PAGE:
Glascott’s Saloon—also known as Glascott’s Groggery—has been quenching thirsts since 1937, and is still owned and operated by a never-ending supply of Glascotts. The Glascotts have been in the groggery business since the late 1800s, including one Glascott that formerly owned a bar that is now Irish Eyes. Joining nearby Kelly’s Pub and Burwood Tap, Glascott’s is one of the oldest bars in the area, over which time it has acquired a reputation of being the place where hundreds (if not thousands) of couples have “hooked-up” or had their first date, leading to marriage and the inevitable move to the suburbs. Glascott’s also throws a huge St. Patrick’s Day party, pulls a mean pint of Guinness and hosts some pretty wild parties in the back room.
Glascott’s is located at the base of a red-brick, three-flat at the southwest corner of Halsted and Webster in the heart of Lincoln Park. Once literally a meat market, the building served as “James Morley Soft Drinks” during Prohibition – can you say speakeasy? The groggery originally opened in 1937 as “Larry’s Tavern,” named after the original owner, Lawrence Glascott. According to the Glascott’s website, Larry’s opening his tavern was merely the continuation of a Glascott family tradition that started when Patrick Glascott, who immigrated to Chicago from Ireland, opened a saloon in the late 1800s on Ashland Avenue between Lake and Madison streets. Larry’s Tavern was renamed Glascott’s a few years after being opened and has been run by the Glascott Family ever since. One story from back in early Glascott days, is that Lawrence Glascott acquired a racing horse and kept it in the stables up the street, where Laundryland stands today, and once brought it over to the saloon to show it off. The regulars, loathe to extract themselves from their barstools, chided Glascott and told him to bring the equine into the bar so they could have a better look. He did and, presumably after one of the regulars asked the thoroughbred, “Why the long face?”, one good idea was superceded by another when Glascott slapped the horse on the ass to show how fast it could run… inside the bar. The groggery is long, but not that long.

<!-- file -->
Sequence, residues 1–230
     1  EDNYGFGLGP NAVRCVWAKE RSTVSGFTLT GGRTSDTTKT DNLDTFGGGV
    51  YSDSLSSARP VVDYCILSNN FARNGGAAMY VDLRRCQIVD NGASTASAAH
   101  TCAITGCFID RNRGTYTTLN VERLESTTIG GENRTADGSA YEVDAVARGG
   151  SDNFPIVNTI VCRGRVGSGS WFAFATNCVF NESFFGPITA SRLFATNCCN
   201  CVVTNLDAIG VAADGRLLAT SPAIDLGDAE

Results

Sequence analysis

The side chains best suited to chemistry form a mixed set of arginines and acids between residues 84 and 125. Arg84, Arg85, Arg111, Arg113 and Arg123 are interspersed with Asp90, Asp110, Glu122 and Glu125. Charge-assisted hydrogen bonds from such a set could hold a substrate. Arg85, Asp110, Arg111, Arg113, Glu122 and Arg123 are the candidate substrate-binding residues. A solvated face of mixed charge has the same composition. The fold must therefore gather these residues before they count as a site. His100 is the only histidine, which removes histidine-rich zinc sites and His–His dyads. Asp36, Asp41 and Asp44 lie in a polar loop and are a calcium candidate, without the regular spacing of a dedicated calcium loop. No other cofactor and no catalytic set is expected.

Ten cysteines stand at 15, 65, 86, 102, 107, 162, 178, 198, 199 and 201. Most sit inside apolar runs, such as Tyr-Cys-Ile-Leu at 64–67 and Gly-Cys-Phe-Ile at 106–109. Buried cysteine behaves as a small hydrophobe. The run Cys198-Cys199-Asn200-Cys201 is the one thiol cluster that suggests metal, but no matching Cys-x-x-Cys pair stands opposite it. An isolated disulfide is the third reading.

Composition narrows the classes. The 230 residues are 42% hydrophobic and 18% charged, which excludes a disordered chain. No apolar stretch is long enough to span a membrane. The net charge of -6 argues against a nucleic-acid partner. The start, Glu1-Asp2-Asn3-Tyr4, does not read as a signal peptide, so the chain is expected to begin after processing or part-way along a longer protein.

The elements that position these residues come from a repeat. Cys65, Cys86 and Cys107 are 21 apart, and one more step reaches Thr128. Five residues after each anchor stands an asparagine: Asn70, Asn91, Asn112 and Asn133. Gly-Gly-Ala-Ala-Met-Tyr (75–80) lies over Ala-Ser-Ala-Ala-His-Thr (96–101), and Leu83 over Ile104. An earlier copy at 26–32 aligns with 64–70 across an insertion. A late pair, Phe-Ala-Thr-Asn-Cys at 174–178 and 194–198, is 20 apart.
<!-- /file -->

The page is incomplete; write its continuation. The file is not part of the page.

Up until the 1980s, Glascott’s catered to the neighborhood’s blue collar workers looking for a shot and a beer before heading off to work, which was quite common back in those days. Once regentrification began, through Mayor Daley’s neighborhood revitalization projects and the expansion of DePaul University, Glascott’s became more of party bar for young professionals and DePaul students.